When I go to Europe I usually stay for months. I’ve learned some ways to make my travels affordable. There are some basics like “go off-season” that everyone knows and I use those ideas. Here are a few updated tips for your next trip that can make it more affordable.
- Pick your destination(s) carefully. For example, if you’ve been to London or Paris or Rome in the past choose smaller cities this time, or (even better) explore the countryside. Rental cars can enable you to visit beautiful places where you’ll not only pay less for your accommodations but also have better opportunities to meet local people. Renting a car may be less that a rail pass or multiple train tickets. (I always use AutoEurope, an American company that guarantees the lowest price.)
- Go there on one of the new airlines that are hundreds of dollars less expensive than the legacy carriers. Check Kayak.com for discounted fares by the new Icelandic airlines such as WOWair. Or fly to Dublin on AerLingus then continue on to your destination on Ryan Air or another AerLingus flight. I’ve also learned that it is much less expensive for me to depart from one of the major east coast US cities than from North Carolina.
- Decide in advance how much money you can spend on restaurants, museums, tours, etc. Upon arriving in Europe consider taking that entire amount of money out of an ATM so you’ll spend only cash. Wearing a money belt would be a good way to protect your money. If you wear one, put the amount you plan to spend that day into your pants pocket first thing in the morning. Don’t let anyone see you take money from your money belt.Alternatively, keep a running list of what you’ve spent and how much is left in your budget. Use debit cards rather than credit cards and check your bank balance occasionally. Some people open separate bank accounts just for travel expenditures.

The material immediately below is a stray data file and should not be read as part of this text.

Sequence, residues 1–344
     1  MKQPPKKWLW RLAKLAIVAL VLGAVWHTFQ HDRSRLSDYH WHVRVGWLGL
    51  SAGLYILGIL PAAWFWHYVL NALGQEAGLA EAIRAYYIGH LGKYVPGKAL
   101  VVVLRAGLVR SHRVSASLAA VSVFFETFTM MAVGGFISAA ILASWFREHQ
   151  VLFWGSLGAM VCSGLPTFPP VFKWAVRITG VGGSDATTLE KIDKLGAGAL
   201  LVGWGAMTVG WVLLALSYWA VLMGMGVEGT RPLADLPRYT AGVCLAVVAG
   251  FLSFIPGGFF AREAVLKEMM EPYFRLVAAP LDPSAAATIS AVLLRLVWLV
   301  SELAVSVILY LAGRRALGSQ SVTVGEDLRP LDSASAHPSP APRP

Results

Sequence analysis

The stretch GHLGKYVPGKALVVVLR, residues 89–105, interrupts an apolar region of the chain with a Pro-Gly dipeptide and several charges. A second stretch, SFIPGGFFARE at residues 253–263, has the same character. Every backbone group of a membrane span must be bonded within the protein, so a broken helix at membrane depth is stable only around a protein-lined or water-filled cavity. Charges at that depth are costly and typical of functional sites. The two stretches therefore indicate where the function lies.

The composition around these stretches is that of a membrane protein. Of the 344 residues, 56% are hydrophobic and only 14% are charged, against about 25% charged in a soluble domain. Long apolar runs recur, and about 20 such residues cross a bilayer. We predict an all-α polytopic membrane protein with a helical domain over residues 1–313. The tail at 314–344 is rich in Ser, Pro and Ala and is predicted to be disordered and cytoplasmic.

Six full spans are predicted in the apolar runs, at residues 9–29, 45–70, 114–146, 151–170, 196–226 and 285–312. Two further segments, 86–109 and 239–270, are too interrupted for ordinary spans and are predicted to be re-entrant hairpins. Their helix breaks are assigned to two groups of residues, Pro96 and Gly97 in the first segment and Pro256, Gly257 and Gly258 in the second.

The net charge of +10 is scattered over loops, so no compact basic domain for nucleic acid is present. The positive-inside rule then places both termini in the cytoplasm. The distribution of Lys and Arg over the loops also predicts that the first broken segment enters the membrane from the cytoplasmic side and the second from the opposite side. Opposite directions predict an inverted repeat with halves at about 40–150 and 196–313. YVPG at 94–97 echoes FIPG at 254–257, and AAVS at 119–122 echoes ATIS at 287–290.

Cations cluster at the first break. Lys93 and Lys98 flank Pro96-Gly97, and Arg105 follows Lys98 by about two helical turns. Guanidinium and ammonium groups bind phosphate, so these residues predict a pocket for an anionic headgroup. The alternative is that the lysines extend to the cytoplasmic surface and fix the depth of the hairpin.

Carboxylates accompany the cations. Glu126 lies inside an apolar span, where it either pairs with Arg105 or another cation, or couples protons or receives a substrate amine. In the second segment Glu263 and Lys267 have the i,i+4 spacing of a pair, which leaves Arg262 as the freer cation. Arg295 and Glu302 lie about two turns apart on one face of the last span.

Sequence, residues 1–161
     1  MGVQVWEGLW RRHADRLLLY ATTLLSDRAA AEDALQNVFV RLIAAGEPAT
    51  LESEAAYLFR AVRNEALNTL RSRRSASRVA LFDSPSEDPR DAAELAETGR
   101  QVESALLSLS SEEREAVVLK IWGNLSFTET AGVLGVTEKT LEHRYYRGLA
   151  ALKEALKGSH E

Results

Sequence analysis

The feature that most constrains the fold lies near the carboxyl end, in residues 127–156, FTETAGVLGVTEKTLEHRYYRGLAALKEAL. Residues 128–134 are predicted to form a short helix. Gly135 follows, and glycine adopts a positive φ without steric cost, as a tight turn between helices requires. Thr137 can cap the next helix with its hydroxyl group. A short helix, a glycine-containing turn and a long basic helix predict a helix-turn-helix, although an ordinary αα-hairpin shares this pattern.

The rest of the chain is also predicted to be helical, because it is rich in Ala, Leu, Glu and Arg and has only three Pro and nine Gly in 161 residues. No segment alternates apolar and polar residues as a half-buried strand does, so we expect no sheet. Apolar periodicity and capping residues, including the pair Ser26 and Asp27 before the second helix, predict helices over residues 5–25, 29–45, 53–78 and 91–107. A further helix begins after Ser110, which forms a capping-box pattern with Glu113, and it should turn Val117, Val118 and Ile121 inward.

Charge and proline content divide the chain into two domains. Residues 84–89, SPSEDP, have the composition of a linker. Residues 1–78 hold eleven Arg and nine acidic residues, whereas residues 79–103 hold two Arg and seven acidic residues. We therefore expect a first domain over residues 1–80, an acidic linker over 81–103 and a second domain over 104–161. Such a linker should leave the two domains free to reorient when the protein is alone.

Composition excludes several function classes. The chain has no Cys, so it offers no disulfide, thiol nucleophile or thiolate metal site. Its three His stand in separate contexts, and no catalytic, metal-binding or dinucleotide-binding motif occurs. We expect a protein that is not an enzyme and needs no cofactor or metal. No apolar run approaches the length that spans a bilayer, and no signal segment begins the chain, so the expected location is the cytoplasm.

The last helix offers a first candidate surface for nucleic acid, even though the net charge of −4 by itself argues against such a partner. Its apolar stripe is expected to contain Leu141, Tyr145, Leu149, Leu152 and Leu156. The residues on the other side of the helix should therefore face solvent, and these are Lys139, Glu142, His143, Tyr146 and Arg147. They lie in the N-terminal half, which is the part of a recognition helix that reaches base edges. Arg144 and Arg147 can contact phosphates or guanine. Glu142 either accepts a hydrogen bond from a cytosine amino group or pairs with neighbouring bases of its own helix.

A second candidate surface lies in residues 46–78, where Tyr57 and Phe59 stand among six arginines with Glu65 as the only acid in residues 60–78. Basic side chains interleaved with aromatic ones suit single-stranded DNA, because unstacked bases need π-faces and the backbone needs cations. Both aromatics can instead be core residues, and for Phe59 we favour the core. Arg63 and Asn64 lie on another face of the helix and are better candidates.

- Do your homework before going! The Internet is a gift to travelers. Read message boards such as the one at Fodors.com for information about the places you plan to visit. Read books that are for budget travelers such as Rick Steves’ or Lonely Planet guides. Google “budget traveler” and find many blogs and articles to explore.
- Nearly every large European city offers discount cards for tourists that lower the costs of museum entry and transit fares. Make a point of discovering these before you leave home. Before leaving home compare the cost of the card with that of visiting only the museums that interest you. Know exactly where to find them and what’s required to purchase them. For example, if you plan to be in Paris for a month and want to buy a monthly Metro pass, you must provide a passport-size photo for the permit that is required to purchase the card.
- Of course, there’s always this “nag” from me: stay in an apartment or an AirBnB-arranged room in someone’s home instead of staying in a hotel. The ability to cook some meals is the best money-saver of all. Visit the neighborhood bakery for breakfast goodies and make your own coffee or tea. Visit a market or take-away food emporium for lunch supplies or pack your lunch before leaving your accommodations in the morning. (Yes! You can find peanut butter in most European food stores.)
I don’t know where the young man pictured at the top of this post slept the night before but I thought he was very clever to shave in a fountain in Florence.
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What’s your best idea for saving money while traveling? Please use the “comments” section below to share it with us.
Hey Libbie! Excellent tips! I always suggest doing volunteer work for people who can travel for a longer period of time. I volunteered in a hostel in Romania for a month, which saved me a ton of money on accommodation. I also made a lot of new friends who showed me around the country.